Ukrainian Minister of Digital Transformation and technologist Mikhailo Fedorov, meanwhile, called for crypto donations to be made to government wallets hosted by crypto-exchange company KUNA. The crowdfunding campaign has raised more than $51 million in various currencies as of March 3. According to Kona founder Michael Chobanyan, and in an interview with CoinDesk, Choubanyan said digital dignitaries including Ethereum founders Gavin Wood and Vitalk Buterin, and TRON creator Justin Sun, have donated large amounts of case order.

EverStake blockchain CEO Sergey Vasilcho has also teamed up with Kyiv to launch a Decentralized Autonomous Organization (DAO) based on Solana (a blockchain platform) to collect donations for the Ukrainian military from individuals who feel uncomfortable with direct donation. Cryptocurrency) expressed their fear, and many of them cannot donate directly due to compliance rules and public transfer history, which is why Solana helped us launch this organization,” which has so far raised more than $1 million in cryptocurrency and has already transferred some of it to Ukrainian forces. Donors have also given the organization three non-fungible tokens or NFTs (a WOOFer, a Chicky Town chick, and a photo of sunflowers). Kyiv’s initial plan to reward all cryptocurrency donors through service tokens was carried out using a technology known as “airdrop” in cryptocurrency circles, but it replaced that plan with a promise to issue exclusive non-fungible tokens.

And the transformation of the global Internet and the Russian Internet in less than two weeks, with the exit of Western Internet and technology companies or their expulsion from Russia into two different worlds, and digital currencies became one of the few threads that still run along the length of the conflict, but with the passage of time without a realistic solution, the pace of transformation will increase Cryptocurrencies are a battleground, and their companies and representatives will be asked to take a clear stand, and despite Nakamoto’s vision, neutrality may no longer be an option, and as Vitalik Buterin himself said after Putin’s condemnation on Twitter, I would “remember that Ethereum is neutral, but I am not like that”.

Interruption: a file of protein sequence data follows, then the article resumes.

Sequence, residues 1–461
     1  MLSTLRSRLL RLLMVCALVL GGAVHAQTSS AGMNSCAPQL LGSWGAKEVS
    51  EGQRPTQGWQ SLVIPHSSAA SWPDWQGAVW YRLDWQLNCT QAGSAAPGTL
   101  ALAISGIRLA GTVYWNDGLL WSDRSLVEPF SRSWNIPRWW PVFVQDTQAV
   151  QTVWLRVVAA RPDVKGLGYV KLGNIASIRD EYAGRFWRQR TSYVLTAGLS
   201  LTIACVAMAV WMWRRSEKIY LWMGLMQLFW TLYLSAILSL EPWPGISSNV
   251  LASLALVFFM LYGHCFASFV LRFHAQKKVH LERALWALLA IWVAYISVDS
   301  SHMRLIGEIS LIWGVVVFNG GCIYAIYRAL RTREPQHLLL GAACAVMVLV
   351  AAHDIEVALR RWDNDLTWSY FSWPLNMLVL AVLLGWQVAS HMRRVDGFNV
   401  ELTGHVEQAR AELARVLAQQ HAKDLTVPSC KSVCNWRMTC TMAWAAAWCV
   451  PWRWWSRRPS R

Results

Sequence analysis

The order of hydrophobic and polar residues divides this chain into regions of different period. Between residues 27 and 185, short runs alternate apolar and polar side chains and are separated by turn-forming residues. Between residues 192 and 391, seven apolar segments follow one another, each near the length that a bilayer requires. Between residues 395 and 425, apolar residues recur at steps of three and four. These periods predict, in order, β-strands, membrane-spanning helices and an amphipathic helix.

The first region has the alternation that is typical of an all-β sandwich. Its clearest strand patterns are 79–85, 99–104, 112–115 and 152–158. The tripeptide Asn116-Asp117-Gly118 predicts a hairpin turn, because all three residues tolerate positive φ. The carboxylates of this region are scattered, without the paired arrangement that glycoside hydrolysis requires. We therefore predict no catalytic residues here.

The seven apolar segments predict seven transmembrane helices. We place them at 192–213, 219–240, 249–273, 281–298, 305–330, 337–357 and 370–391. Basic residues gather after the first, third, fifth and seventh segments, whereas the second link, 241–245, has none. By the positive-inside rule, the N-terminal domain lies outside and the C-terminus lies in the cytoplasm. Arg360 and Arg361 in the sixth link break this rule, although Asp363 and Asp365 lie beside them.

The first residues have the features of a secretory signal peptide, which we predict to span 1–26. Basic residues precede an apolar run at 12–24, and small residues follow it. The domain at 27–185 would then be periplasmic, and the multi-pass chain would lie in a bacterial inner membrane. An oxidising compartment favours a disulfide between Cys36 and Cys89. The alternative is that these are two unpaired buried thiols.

[1] It is a service provided by a third party that performs the process of camouflaging or obfuscate the path of financial transactions executed by digital currencies within the block chain network between the sender and the receiver thereof, and aims to cover the operations based on laundering the proceeds of crime so that it is difficult for any party within the network to track its path and identify the assets of the funds (anonymity The sender) – Translated from a study on “cryptocurrencies” issued by the Supervision and Control Department of the National Payments System at the Central Bank of Jordan 2020.